couldn’t agree more with David Levering Lewis’ assessment, as reported by Scott Calvert, that the election of President Barack Obama should not lead us to think that racism is a thing of the past (“Obama election won’t resolve ‘problems of race,’ historian says,” Feb. 8).
Mr. Lewis goes on to stress that the president will need to address the “rather specific disabilities that afflict people of color.”
As a white person who all my life has seen the racism white people direct toward people of color, particularly people of African descent, I would state the issue differently.
I think those of us who are white and supported Mr. Obama’s campaign (or who didn’t but want a country that is truly just) must rid ourselves, our families, our places of worship, our institutions of the affliction of racism – of white supremacy and our often unrecognized abuse of white privilege.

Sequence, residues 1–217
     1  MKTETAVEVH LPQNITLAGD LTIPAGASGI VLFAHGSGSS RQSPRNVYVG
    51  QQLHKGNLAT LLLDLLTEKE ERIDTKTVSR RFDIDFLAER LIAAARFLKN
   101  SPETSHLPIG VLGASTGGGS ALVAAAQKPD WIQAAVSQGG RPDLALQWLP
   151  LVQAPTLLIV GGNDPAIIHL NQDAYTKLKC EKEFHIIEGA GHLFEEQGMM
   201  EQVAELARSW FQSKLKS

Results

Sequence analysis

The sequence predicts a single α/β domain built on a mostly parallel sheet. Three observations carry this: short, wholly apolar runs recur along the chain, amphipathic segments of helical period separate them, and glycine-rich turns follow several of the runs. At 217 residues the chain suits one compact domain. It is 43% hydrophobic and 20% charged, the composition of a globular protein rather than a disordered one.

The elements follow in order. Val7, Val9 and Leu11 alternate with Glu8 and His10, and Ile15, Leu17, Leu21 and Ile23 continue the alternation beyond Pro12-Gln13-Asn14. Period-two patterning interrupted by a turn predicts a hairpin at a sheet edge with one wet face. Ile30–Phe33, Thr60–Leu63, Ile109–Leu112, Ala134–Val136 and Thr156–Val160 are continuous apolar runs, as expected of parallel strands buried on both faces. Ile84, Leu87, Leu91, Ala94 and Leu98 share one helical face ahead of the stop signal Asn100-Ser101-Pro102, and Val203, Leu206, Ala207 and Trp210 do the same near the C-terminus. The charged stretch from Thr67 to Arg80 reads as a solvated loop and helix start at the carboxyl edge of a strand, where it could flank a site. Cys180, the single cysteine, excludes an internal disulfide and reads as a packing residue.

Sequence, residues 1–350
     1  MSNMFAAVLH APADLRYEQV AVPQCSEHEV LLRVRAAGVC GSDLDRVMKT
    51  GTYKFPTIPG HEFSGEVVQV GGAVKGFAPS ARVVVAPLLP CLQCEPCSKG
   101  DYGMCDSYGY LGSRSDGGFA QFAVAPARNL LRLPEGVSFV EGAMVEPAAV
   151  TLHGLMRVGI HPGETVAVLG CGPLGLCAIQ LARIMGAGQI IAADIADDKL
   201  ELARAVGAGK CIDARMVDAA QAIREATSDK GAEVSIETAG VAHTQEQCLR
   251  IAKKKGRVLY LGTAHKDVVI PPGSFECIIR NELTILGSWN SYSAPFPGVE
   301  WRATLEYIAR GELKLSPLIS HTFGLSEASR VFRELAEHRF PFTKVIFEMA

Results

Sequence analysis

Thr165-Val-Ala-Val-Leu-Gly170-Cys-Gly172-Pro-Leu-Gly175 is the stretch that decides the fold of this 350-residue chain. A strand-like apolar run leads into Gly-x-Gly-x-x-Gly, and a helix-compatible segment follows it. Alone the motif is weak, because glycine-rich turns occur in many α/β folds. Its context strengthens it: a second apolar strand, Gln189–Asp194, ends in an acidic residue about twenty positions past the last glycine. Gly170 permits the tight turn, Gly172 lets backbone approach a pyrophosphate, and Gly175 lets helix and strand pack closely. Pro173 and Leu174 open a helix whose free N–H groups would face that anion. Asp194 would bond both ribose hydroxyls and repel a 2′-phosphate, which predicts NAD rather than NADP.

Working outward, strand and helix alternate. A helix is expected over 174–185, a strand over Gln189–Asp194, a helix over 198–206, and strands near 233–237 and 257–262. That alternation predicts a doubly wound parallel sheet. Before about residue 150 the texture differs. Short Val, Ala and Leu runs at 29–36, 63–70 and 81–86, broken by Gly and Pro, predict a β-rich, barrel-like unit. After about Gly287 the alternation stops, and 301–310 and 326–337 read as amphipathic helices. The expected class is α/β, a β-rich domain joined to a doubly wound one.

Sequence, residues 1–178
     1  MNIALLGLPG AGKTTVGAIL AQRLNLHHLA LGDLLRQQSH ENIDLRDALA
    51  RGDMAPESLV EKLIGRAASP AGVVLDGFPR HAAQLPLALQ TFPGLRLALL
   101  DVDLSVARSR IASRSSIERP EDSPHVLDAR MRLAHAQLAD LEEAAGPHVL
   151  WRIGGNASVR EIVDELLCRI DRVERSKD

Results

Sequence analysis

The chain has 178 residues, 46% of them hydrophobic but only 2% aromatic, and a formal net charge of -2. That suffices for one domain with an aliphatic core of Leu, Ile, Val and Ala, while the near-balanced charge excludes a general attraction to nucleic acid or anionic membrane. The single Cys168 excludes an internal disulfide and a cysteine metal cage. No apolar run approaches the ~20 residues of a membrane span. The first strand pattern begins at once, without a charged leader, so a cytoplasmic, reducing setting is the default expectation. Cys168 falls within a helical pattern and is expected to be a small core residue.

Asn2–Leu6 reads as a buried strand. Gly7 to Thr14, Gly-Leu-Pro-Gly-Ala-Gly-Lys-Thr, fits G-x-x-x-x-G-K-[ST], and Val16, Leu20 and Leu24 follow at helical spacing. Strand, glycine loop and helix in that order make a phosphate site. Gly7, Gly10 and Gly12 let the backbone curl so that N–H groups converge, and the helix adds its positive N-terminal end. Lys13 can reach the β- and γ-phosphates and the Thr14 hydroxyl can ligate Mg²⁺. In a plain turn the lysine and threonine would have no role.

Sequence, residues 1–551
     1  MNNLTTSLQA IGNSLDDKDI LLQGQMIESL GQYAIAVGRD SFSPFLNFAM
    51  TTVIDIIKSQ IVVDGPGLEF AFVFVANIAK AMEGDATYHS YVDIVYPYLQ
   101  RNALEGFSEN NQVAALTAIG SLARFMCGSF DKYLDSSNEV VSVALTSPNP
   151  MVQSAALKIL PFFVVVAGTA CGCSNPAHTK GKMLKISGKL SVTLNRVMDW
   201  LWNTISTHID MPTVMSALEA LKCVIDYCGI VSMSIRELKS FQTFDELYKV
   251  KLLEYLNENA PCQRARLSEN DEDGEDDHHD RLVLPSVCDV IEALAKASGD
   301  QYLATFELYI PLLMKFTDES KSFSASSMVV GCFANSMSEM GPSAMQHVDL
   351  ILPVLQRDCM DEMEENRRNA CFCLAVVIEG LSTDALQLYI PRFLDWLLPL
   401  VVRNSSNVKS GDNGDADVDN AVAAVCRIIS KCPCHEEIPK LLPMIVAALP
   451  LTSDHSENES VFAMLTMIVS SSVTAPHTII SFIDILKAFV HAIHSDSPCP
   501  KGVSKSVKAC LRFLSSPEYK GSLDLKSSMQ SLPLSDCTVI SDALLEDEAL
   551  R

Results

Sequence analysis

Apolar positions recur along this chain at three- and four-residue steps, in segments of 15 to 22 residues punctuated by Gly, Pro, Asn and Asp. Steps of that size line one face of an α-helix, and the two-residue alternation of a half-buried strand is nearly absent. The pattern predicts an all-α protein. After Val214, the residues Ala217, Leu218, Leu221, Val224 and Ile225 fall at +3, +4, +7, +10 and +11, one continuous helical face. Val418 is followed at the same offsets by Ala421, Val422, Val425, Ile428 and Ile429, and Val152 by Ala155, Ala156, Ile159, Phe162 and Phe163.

It is we who have a “disability” – blindness when it comes to seeing that racism still persists all around us.
It is up to us to stand behind Mr. Obama when he makes decisions and takes actions aimed at ending racial injustice.
It is up to us to stand against those in the media or the political arena who would label any attempt Mr. Obama makes to name and confront racism as “playing the race card” or “being divisive” or otherwise try to confound an issue that should be straightforward: If we seek justice, we must end racism.Dottye Burt-MarkowitzBaltimore